Disorderly conduct is a criminal offense that may consist of one or more charges, such as public drunkenness, disturbing the peace, loitering, loud threats, or party violations.
A conviction of disorderly conduct in Arizona can result in a class 1 misdemeanor which is the most serious type of misdemeanor. If a weapon or dangerous instrument is involved, the charge may be upgraded to a class 6 felony. A disorderly conduct conviction requires the prosecutor to prove your case beyond a reasonable doubt.
If you have been charged with disorderly conduct, consult with a reputable Peoria disorderly conduct lawyer. Arizona criminal law can be complicated and requires the expertise and guidance of seasoned legal counsel.
Disorderly Conduct Laws in Peoria
ARS 13-2904 defines disorderly conduct as intent to disturb the peace or quiet of a person, family, or neighborhood. To be classified as disorderly conduct, the alleged offender must have engaged in one or more of the following behaviors:
- Fighting, violence, or other severely disruptive behavior
- Unreasonable noise
- Offensive or abusive language or gestures that are likely to provoke immediate physical retaliation
- Protracted commotion with intent to disturb a lawful meeting, procession, or gathering
- Refusal to obey a lawful order to disperse in order to maintain public safety due to a fire, hazard, or other emergency situation
- Reckless display, handle, or discharge of a dangerous instrument or deadly weapon
While a charge of disorderly conduct may not seem like a big deal, the consequences can be very real. It is important to approach the situation carefully to minimize the likelihood of jail time. Peoria disorderly conduct lawyers are available to guide you through the process and help you reach the possible outcome.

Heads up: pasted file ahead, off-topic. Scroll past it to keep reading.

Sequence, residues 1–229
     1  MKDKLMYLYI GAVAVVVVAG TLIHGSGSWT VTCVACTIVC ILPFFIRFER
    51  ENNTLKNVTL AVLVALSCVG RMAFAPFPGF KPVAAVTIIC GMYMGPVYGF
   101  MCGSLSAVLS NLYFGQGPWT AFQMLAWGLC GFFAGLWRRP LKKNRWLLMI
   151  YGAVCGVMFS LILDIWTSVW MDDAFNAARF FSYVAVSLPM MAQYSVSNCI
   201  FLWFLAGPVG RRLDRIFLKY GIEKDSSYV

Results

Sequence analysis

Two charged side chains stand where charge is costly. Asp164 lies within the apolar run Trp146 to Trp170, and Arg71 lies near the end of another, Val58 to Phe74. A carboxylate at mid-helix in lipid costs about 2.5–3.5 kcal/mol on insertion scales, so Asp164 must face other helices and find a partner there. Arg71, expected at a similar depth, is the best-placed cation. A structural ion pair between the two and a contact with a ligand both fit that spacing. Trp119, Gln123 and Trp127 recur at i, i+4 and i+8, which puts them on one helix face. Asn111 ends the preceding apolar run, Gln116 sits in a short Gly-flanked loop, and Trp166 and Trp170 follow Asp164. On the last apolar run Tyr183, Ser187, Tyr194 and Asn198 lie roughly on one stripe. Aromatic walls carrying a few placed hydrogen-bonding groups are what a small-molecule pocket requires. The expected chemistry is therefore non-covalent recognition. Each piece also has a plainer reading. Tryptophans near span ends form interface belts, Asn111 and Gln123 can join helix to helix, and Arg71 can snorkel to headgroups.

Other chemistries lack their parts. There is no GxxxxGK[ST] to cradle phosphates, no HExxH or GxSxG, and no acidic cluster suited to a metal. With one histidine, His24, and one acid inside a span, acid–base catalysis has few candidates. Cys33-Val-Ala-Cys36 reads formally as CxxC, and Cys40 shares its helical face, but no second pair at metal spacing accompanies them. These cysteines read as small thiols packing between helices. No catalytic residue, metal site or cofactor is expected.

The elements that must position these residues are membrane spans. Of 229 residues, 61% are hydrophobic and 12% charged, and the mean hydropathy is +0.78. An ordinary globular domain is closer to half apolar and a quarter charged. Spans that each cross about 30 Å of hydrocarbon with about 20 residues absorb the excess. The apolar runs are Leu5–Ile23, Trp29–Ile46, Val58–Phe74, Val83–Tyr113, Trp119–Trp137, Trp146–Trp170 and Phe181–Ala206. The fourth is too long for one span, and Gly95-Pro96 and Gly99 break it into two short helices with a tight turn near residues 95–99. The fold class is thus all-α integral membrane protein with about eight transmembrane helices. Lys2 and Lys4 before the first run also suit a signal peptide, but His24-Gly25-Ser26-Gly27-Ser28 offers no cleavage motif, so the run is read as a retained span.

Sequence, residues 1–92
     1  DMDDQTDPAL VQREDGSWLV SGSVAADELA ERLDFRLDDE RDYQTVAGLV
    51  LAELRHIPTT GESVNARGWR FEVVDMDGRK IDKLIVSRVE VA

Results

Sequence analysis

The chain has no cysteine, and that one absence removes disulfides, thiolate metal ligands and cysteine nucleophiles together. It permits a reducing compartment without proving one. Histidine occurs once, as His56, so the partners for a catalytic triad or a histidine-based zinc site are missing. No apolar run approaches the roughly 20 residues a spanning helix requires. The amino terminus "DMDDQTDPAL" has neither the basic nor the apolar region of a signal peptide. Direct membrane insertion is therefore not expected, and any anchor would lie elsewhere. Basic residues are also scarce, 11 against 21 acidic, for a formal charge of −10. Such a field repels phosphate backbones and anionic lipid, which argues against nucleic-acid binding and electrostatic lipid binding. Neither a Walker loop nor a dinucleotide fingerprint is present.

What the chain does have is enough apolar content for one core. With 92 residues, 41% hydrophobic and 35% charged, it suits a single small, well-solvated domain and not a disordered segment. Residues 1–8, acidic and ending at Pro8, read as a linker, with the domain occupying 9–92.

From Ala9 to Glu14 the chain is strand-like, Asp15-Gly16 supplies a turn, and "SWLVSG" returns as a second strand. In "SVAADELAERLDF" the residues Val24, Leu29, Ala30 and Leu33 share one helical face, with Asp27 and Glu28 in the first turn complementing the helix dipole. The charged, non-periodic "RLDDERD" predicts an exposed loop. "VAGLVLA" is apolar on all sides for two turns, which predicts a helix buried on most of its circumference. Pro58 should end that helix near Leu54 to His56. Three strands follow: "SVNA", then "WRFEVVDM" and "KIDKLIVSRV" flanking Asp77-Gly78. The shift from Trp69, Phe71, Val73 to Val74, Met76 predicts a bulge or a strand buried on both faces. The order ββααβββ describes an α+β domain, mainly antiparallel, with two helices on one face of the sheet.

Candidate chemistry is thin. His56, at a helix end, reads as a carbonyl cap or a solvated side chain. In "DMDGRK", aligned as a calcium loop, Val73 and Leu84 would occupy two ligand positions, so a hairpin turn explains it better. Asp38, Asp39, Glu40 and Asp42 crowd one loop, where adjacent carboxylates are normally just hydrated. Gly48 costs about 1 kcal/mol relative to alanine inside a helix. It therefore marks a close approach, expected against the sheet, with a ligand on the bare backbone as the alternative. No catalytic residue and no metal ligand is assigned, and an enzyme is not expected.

Disorderly Conduct Penalties in Peoria
If you are charged with disorderly conduct in Arizona, you may face certain penalties that put your finances and future at risk. Most types of disorderly conduct fall under class 1 misdemeanors. As the highest classification of misdemeanor in the state, it carries the most serious penalties. If convicted, you could face up to six months in jail, up to five years of probation, and fines and fees upwards of $2,500 plus surcharges.
If your conviction of disorderly conduct involved the reckless discharge of a firearm, it is considered a class 6 felony under the classification of a “Dangerous Felony.” A class 6 felony typically results in a mandatory minimum prison sentence of one-and-one-half years, a presumptive prison term of two-and-one-quarter years, or a maximum of three years of incarceration.
If you have had one prior dangerous felony conviction, the penalty can be even more strict. With a past felony conviction, the punishment is a mandatory prison-only sentence of three years minimum, three-and-three-quarters years presumptive, or four-and-one-half years maximum of incarceration.
Defenses for Disorderly Conduct in Peoria
Without a strong defense, a charge of disorderly conduct could result in a criminal record. However, these charges can often be challenged when you have an excellent Peoria disorderly conduct lawyer on your side.
Many disorderly conduct defenses focus on the availability, or unavailability, of evidence. Oftentimes in these cases, there is no one to testify against the accused. The person who called the police may not want to be involved and any other people present at the time of the incident may not want to have you convicted. If the prosecution has weak or no evidence, it may be possible to have the charges dropped.
In addition to creating reasonable doubt, a criminal defense lawyer may choose a defense based on violation of rights granted by the constitution. There is some wiggle room when it comes to freedom of speech and citizens have the right to free speech if executed peacefully.
Another defense commonly used in disorderly conduct cases relate to justification. If your actions were brought about due to self-defense, your charges could be dropped. This may occur if you acted due to being provoked or threatened.
Call the Peoria JacksonWhite Criminal Law team at (480) 467-4370 to discuss your case today.